Loss of income relates to the wages you lost because of the medical malpractice. Wages, salaries, bonuses, and other benefits may be included in this category of damages.

Other out-of-pocket expenses may include travel expenses, someone to take care of your home, and special equipment for travel. The types of expenses you may include for damages in a medical malpractice claim depend on the facts in your case.

  • Noneconomic Losses

Noneconomic losses, also referred to as “pain & suffering” damages are intended to compensate a medical malpractice victim for the emotional, physical, and mental suffering the patient experienced because of the medical provider’s malpractice.

Within this category are several types of compensation that you may claim if you are injured because of malpractice. Examples of pain & suffering damages in a medical malpractice case include:

  • Physical pain
  • Emotional stress
  • Mental anguish
  • Scarring and disfigurement
  • Loss of enjoyment of life
  • Loss of consortium or companionship
  • Permanent disability
  • Punitive damages (Very rarely awarded unless the case involves grossly negligent or willful, wanton acts)

Because there is not a formula to calculate noneconomic damages, it can be difficult for juries to know how much to award for this type of recoverable damage. However, our experienced Maryland medical practice attorneys understand how to use the evidence in your case to argue for the maximum amount of recoverable damages allowed by law.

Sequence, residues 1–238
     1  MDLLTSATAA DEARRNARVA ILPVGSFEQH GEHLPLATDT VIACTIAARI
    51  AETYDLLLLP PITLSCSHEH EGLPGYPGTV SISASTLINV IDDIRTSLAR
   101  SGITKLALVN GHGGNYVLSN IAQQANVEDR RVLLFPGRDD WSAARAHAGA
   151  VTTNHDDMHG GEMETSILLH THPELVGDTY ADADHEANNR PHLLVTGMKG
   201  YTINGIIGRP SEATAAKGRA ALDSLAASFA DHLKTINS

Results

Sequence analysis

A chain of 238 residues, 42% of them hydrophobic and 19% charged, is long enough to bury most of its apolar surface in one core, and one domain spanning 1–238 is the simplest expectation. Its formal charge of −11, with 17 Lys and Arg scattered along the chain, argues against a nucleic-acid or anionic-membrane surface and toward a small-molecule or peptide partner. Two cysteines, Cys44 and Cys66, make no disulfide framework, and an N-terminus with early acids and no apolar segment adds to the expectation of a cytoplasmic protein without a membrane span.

Future Damages in a Medical Malpractice Claim

In addition to the compensation you may receive for your present and past damages, you may also receive money for future damages. In cases in which the patient suffered permanent disabilities, the patient may incur future damages, such as ongoing medical treatments or the need for ongoing personal care. In addition, the patient may be unable to return to work or may earn a much lower income because of the impairment. In these cases, patients may be entitled to recover compensation for future medical bills and future loss of income.

Experience Counts in Medical Malpractice Cases

The Pinder Plotkin Legal Team has extensive experience representing individuals and families who have been harmed by the professionals and facilities they trusted to care for them in their time of need. Our Parkville medical malpractice attorneys have extensive experience as trial lawyers fighting to seek justice for those injured or killed by negligence and malpractice.

Call Pinder Plotkin LLC at 410-661-9440 for a free legal consultation with one of our compassionate and understanding attorneys.

 

The information provided in this website is provided for informational purposes only, and should not be construed as legal advice on any subject. The information contained in this blog is also subject to change and should not be relied upon. Contact the Pinder Plotkin Legal Team for a FREE consultation.